Today’s decisions in Forex (Sterling Lads) complete the wider Commission’s Forex investigation. The other two infringements were concluded with settlement decisions adopted in May 2019:
- The Forex (Three Way Banana Split) settlement decision concerned communications in three different, consecutive chatrooms (“Three way banana split / Two and a half men / Only Marge”) among traders from UBS, Barclays, RBS, Citigroup and JPMorgan. The infringement started on 18 December 2007 and ended on 31 January 2013.
- The Forex (Essex Express) settlement decision concerned communications in two chatrooms (“Essex Express ‘n the Jimmy” and “Semi Grumpy Old men”) among traders from UBS, Barclays, RBS and Bank of Tokyo-Mitsubishi (now MUFG Bank). The infringement started on 14 December 2009 and ended on 31 July 2012.
More information on this case will be available in the public case register under the case number AT.40135 on the Commission’s competition website, once confidentiality issues have been dealt with. A list of financial cases adopted since 2013 is available under this link (page 8).
Action against cartels
Fines imposed on companies found in breach of EU antitrust rules are paid into the general EU budget. This money is not earmarked for particular expenses, but Member States’ contributions to the EU budget for the following year are reduced accordingly. The fines therefore help to finance the EU and reduce taxpayers’ contributions.
In accordance with the EU-UK Withdrawal Agreement, the Union continues to be competent for this case, which was initiated before the end of the transition period (“continued competence case”). The EU shall reimburse the UK for its share of the amount of the fine once the fine has become definitive. The collection of the fine, the calculation of the UK’s share and the reimbursement will be carried out by the Commission.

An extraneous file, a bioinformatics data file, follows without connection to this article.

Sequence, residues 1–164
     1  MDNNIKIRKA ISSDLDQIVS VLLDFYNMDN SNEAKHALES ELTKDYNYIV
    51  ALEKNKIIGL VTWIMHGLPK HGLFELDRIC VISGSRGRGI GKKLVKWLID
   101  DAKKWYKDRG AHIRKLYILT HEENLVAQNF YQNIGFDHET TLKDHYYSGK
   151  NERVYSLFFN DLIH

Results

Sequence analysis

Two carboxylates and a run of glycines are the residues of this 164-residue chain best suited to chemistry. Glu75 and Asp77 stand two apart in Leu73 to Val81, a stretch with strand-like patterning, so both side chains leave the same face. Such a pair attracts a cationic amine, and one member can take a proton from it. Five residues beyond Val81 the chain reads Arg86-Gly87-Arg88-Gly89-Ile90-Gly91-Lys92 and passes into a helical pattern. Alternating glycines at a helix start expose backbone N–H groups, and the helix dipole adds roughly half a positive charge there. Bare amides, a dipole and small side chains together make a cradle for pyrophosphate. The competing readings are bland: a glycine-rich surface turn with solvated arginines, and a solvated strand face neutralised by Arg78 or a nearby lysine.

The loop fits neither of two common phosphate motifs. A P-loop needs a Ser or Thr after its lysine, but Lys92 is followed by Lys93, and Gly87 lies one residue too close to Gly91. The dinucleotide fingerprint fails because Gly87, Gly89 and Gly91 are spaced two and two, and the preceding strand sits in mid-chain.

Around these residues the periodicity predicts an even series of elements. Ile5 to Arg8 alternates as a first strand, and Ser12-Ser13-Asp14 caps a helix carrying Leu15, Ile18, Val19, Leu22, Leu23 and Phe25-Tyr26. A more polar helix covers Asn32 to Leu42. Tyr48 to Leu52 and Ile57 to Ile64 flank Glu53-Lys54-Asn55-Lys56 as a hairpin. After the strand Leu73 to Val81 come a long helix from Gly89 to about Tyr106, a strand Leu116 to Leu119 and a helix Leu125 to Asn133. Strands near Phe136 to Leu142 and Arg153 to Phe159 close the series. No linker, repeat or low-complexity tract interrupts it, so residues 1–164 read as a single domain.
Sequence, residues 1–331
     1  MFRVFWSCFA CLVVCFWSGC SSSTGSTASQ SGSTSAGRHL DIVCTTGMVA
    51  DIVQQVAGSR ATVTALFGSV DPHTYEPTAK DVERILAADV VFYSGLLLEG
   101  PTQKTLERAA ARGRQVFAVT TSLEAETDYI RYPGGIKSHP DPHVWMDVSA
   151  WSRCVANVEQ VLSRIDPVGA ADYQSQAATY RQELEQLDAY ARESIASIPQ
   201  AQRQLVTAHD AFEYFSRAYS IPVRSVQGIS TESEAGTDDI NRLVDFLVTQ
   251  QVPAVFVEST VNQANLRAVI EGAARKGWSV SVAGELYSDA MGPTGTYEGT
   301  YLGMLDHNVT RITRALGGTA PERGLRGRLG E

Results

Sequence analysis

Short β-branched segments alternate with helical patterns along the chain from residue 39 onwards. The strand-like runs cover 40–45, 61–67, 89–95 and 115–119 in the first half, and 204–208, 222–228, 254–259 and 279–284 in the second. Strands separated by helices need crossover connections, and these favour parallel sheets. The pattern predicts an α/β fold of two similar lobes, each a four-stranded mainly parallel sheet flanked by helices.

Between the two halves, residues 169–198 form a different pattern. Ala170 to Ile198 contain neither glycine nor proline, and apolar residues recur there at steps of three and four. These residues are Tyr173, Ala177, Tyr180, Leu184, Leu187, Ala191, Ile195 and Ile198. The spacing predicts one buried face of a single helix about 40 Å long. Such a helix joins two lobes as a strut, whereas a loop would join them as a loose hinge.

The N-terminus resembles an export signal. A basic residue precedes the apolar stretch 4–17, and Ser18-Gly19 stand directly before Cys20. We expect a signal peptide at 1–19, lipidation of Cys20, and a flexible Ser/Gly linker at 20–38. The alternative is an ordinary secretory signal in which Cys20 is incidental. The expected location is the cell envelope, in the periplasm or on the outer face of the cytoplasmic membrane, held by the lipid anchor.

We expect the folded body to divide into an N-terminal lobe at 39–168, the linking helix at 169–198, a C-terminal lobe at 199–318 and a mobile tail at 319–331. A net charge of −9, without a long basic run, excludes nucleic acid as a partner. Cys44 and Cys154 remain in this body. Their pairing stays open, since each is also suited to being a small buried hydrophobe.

For more information on the Commission’s action against cartels, see its cartels website. A list of competition enforcement in cartels and antitrust cases since December 2019 is available in this link.
The settlement procedure
Today’s settlement decision is the 37th settlement decision since the introduction of the settlement procedure for cartels in June 2008 (see press release and MEMO). In a settlement, companies acknowledge their participation in a cartel and their liability for it.
Settlements are foreseen in Council Regulation 1/2003 and allow the Commission to apply a simplified and shortened procedure. This benefits consumers and taxpayers as it reduces costs. It also benefits antitrust enforcement as it frees up resources to tackle other suspected cartels. Finally, the companies themselves benefit in terms of quicker decisions and a 10% reduction in fines. As Credit Suisse eventually decided to opt-out of the settlement procedure, this case became the 8th hybrid settlement case and the 2nd case in which the settlement and the prohibition decisions are adopted in parallel.
The Commission has set up a tool to make it easier for individuals to alert it about anti-competitive behaviour while maintaining their anonymity. The tool protects whistleblowers’ anonymity through a specifically designed encrypted messaging system that allows two-way communication. The tool is accessible via this link.
Action for damages
Any person or company affected by anti-competitive behaviour as described in this case may bring the matter before the courts of the Member States and seek damages. The case law of the Court and Council Regulation 1/2003 both confirm that in cases before national courts, a Commission decision constitutes binding proof that the behaviour took place and was illegal. Even though the Commission has fined the cartel participants concerned, damages may be awarded without being reduced on account of the Commission fine.
The Antitrust Damages Directive, which Member States had to implement by 27 December 2016, makes it easier for victims of anti-competitive practices to obtain damages. More information on antitrust damages actions, including a practical guide on how to quantify antitrust harm, is available here.